(PhysOrg.com) -- Last month, there was news from video provider Qumu of their discomforting survey that at least half of Americans would use smartphones to secretly spy on others. Now there is rattling news that spy software can easily do that kind of job. The software can reveal what others are texting in their personal emails or text messages sent forth on their smartphones just by the snooper using a smartphone camera or advanced camera like a digital SLR that shoots HD video, which could read a screen up to 60 metres away.
Researchers from the University of North Carolina Chapel Hill have used iSpy, the program, as proof that keying a private email message or text message in public, whether on a near-empty train or at the far end of a park bench away from everyone else, is still risky business.
They successfully were able to compromise the privacy of users typing on virtual keyboards with iSpy. They say iSpy can identify all the text typed on a smartphone display using video footage of the screen.
The UNC research team, Rahul Raguram, Andrew White, Dibenyendu Goswami, Fabian Monrose and Jan-Michael Frahm, discovered they could be on the second floor of a building and read a phone on the ground, leave alone sitting on a bus and catching all the text of a nearby passenger.
How much text at how far a distance depends on the spy device used, whether it is a regular smartphone camera or more advanced camera with lenses.
The team report their findings in the paper, iSpy: Automatic Reconstruction of Typed Input From Compromising Reflections and presented their work at the Conference on Computer and Communications Security (CCS) in Chicago.
One of the nice features in smartphones, designed to help users type on small touchscreens, is magnified keys. Letters on the virtual keyboard rise up in bubbles. That is also one of the features that made it so easy for the snoopers to view footage and identify the letters based on the bubble locations. The program correctly identified letters over 90 percent of the time.
Obviously, the UNC team did not do their research in order to promote a mass rush for technology that can spy on what people are saying on their mobile devices.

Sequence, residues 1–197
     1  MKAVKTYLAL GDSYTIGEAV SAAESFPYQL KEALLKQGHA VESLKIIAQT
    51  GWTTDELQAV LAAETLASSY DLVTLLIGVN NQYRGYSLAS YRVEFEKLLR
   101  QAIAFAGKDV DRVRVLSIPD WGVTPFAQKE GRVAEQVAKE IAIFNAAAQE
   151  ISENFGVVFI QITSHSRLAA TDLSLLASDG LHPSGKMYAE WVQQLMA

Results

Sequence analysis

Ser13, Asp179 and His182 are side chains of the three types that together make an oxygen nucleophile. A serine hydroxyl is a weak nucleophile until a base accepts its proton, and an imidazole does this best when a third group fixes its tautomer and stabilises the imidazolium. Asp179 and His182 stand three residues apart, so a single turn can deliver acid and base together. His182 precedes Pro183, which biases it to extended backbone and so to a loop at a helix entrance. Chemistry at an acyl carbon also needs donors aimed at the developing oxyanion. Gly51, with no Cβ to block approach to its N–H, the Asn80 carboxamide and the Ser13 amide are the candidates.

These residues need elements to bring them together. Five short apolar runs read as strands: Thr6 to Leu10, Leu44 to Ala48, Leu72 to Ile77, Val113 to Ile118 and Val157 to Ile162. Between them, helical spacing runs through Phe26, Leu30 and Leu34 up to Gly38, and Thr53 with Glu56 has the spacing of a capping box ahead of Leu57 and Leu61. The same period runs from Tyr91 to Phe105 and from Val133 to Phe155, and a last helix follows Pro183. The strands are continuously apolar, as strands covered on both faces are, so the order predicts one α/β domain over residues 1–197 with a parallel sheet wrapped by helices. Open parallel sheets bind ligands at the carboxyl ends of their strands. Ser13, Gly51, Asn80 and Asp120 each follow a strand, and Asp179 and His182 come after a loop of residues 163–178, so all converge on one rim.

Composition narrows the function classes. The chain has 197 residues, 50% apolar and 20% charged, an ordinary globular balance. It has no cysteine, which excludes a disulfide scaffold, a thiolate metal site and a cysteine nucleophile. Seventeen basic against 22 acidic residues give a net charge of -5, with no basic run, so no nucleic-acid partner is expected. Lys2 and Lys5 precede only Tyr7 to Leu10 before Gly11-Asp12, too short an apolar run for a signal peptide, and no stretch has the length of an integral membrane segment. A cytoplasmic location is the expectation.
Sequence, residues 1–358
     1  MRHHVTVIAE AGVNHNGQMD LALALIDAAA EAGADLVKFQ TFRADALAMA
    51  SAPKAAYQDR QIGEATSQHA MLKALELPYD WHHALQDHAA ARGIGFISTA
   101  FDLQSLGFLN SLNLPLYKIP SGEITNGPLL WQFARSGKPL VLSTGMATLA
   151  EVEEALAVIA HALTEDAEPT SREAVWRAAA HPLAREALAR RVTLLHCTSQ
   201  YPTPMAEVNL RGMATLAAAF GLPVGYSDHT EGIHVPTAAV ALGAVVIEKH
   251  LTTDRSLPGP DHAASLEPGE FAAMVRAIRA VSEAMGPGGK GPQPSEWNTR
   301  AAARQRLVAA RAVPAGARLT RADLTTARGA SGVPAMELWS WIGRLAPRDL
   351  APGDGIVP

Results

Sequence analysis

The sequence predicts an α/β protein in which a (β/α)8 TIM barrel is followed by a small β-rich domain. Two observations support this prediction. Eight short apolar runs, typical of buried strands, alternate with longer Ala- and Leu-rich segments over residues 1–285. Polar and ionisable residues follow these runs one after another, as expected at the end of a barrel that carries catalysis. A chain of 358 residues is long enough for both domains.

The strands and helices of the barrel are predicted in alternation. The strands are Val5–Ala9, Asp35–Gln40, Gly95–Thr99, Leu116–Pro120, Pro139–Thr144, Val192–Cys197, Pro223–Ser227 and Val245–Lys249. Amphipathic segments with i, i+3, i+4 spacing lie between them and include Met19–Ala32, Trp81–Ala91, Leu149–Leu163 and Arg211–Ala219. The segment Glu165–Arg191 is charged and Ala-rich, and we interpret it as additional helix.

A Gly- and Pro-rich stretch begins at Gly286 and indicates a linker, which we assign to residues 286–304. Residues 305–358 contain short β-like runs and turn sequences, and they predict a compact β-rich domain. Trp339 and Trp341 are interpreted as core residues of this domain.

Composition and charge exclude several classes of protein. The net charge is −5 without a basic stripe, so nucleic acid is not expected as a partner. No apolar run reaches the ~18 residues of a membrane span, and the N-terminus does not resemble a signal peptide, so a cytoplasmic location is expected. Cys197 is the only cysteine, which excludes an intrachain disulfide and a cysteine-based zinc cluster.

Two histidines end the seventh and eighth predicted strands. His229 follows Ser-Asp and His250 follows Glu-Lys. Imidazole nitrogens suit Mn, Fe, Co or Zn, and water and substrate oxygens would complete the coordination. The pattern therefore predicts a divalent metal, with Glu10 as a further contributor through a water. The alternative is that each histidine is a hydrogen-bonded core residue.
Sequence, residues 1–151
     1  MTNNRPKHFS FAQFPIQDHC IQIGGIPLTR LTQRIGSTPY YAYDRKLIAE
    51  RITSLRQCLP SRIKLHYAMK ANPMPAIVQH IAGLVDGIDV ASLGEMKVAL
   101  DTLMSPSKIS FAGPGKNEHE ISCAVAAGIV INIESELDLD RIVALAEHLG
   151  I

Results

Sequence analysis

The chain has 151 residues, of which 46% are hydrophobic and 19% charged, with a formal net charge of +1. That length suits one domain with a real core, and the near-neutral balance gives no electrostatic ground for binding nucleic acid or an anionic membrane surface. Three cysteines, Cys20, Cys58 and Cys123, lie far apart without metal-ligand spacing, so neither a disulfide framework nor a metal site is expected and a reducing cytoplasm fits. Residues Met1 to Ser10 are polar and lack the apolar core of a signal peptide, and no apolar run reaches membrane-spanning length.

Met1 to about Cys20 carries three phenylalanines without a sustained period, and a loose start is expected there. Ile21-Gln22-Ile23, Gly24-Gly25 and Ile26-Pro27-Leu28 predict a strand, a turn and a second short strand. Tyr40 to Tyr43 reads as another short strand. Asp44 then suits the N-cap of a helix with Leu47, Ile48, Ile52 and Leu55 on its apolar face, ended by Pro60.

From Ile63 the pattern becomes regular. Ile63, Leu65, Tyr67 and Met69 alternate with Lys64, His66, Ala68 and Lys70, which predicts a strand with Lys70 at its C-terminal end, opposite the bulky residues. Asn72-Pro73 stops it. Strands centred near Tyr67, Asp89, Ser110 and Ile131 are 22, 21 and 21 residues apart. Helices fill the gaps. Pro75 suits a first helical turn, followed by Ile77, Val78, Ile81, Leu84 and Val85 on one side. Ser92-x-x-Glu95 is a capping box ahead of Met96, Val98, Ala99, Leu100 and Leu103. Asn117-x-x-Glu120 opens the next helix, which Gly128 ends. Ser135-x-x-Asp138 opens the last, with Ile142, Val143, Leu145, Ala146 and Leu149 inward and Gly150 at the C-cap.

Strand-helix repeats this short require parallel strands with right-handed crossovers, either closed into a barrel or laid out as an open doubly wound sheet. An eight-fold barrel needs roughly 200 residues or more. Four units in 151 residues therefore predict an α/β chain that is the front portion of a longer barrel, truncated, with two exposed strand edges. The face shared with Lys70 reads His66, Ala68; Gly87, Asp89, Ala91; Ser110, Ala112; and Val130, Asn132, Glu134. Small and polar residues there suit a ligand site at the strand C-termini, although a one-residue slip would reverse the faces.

Their aim is to call attention to the fact that with the freedom of mobile technologies comes the burden of adjusting to the digital life, where special privacy measures may be needed.
Using footage captured in realistic environments (e.g., on a bus), we show that we are able to reconstruct fluent translations of recorded data in almost all of the test cases, correcting users typing mistakes at the same time. We believe these results highlight the importance of adjusting privacy expectations in response to emerging technologies, say the researchers.
The direction of topics and discussions at this years CCS 2011 of the ACM, the worlds largest educational and scientific computing society, is squarely on the side of examining privacy in response to emerging technologies. The event proceedings recognized smartphone security as an emerging area ripe venues where researchers can swap ideas.
Mobile devices such as smartphones and Internet tablets have achieved computing and networking capabilities comparable to traditional personal computers. Their successful consumerization has also become source of pain for adopting users and organizations, said the CCS in program notes.
The goal of its workshop on security and privacy goal, said the ACM, was "to deepen our understanding to various security and privacy issues on smartphones, specifically the platforms such as iOS and Android.
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More information: iSpy: Automatic Reconstruction of Typed Input from Compromising Reflections, ACM Conference on Computer and Communications Security (CCS), 2011, cs.unc.edu/~rraguram/papers/CCS2011.pdf